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Rewriting networks

The second workshop in Radio explorations explored the notion of rewriting in context of telecommunications and beyond: how to translate between domains, such as the natural environment and network infrastructures, digital and spatial, books and architecture. Three invited guests, Sarah Grant (Kunsthochschule Kassel), Roberto Bottazzi (The Bartlett) and Miro Roman (CAAD, ETHZ) presented their current research in nature of networks, cryptographic writing and the design of search. In the space that is marked by the three interests, the Radio explorations team presented the first data observatory, Codebook: reorganized archive of radio signal recordings, explored through text, topics and keywords identified in a statistical model (LDA) of signal descriptions. A prototype of the second data observatory, Projections was discussed in terms of rewriting radio signals through different domains, such as music or sounds of nature.

Sarah Grant: Antennas

Sarah grant is an artist working with networking technology and a professor for New Media at the Kunsthochschule Kassel. She discussed the way her experimental relationship to antennas, to radio waves and the electromagnetic spectrum informs her artistic practice. The experimental work with antennas as sculptures brings the material, situated aspect of radio signal transmission into this discussion, and reinvents the notion of efficiency in communication engineering. Exploring network infrastructure as biological hybrids, this work inscribes itself in wider questions of information transfer across different kinds of environments: electromagnetic landscapes, experiments with single-celled organisms, or public space.

LANscapes (2019), a working antenna sculpture, by Sarah Grant and Danja Vasiliev. Courtesy of Sarah Grant

The design of wearable reflective dishes for antenna-trees in Ljubljana emphasizes the interest in sculptural form, while preserving or reimagining its performance as technical infrastructure. It not only speaks to an idea of an antenna-tree, but also sees it through all the way to the end of actually working. What do we know and how do we organize this knowledge of telecommunications engineering, how antennas actually work and transmit information? Grant’s work brings some of this knowledge to attention in a way that is more visually appealing, in a different visual language, promoting reflection on these networks as part of ourselves, something we are born into and participating in.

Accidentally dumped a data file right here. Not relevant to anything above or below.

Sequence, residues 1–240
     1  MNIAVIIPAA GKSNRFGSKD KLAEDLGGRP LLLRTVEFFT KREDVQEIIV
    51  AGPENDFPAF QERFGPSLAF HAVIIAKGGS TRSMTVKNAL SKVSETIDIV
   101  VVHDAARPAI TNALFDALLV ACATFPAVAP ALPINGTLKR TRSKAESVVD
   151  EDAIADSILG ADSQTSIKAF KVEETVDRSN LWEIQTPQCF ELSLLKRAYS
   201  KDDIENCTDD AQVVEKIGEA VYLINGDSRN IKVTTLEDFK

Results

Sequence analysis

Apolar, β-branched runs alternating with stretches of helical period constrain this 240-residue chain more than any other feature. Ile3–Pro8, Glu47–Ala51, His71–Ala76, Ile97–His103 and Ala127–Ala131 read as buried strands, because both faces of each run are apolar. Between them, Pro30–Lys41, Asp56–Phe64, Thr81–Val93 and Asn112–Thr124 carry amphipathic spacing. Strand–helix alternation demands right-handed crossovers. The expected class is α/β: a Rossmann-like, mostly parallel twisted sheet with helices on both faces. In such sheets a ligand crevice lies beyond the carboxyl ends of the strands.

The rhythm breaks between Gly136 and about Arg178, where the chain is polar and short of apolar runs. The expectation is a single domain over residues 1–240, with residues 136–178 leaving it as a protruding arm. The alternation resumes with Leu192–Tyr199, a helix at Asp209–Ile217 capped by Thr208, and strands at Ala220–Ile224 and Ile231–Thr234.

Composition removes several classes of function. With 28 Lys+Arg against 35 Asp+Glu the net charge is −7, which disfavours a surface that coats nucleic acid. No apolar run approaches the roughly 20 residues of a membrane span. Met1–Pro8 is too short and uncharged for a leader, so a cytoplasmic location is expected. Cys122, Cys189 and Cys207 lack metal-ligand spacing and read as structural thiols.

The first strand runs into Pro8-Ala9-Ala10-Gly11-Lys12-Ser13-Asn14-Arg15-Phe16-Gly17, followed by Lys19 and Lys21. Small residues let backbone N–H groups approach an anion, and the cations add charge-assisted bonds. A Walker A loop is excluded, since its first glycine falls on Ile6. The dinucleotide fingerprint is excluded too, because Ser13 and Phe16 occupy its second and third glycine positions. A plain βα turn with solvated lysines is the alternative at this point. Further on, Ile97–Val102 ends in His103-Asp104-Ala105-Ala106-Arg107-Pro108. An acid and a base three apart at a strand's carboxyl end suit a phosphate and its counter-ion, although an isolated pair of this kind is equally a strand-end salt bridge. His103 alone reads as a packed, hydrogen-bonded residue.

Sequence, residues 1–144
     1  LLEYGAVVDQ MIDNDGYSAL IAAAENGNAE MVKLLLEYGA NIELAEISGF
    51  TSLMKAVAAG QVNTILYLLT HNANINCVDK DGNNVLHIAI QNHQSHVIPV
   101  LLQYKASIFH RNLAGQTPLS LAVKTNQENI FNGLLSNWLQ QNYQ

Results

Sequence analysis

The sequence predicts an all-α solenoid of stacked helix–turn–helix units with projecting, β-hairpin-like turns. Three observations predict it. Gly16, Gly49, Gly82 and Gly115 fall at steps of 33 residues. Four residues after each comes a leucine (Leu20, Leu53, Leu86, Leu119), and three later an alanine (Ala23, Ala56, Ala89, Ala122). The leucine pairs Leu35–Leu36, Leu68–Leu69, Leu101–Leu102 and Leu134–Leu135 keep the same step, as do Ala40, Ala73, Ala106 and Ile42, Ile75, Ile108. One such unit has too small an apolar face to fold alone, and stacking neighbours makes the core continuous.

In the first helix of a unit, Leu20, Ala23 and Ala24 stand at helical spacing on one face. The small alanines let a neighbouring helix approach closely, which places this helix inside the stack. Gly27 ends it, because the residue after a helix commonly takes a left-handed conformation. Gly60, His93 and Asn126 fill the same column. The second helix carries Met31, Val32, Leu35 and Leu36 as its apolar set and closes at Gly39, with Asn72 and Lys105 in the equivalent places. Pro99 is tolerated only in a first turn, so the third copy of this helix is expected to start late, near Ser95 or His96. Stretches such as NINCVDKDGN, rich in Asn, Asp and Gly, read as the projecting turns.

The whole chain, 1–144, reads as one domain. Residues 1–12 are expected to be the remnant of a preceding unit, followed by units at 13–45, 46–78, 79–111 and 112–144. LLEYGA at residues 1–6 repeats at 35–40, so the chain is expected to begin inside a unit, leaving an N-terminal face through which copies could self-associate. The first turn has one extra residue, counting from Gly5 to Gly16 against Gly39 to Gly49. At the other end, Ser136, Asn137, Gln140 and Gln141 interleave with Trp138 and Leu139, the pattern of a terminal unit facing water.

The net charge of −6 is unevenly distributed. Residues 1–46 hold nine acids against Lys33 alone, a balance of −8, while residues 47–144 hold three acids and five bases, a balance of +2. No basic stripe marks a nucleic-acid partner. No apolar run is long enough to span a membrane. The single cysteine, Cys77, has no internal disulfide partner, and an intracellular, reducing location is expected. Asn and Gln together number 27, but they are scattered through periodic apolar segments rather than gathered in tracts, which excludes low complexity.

Roberto Bottazzi: Rewriting

Roberto Bottazzi is an architect, researcher and Programme Director of the Master in Urban Design at the Bartlett school of Architecture in London. Bottazzi discussed design and use of computational techniques in context of knowledge discovery and classification, exposing the difference between searching and finding proof. He opened up the discussion on computation to rethinking computational techniques over a very large span of time, historically and materially. In this scope, Bottazzi developed the notion of cryptography as a way to translate across domains, a way to establish communication between different levels of transparency and things that are indeed fully opaque. This is based on the idea of the cipher, the bridge, or the tool to move between two domains. The cipher is not a natural system - it is designed, structured, and has a particular relationship to semantics. He compares Ramon Llull’s medieval work on the system of wheels, to encode a purely Christian metaphysics to the work of Pico della Mirandola, Giordano Bruno and Leibniz, as well as Giulio Camillo on the manipulation of symbols as a discovery technique. Llull is using the cypher to classify knowledge against combinatorial explosion, while the Renaissance thinkers engage with combinatorics as a method of search. Bottazzi brings these old examples in reflection on the contemporary moment in which he considers how we, in the best of neoplatonic traditions, find ourselves searching for something stable about the world in big data.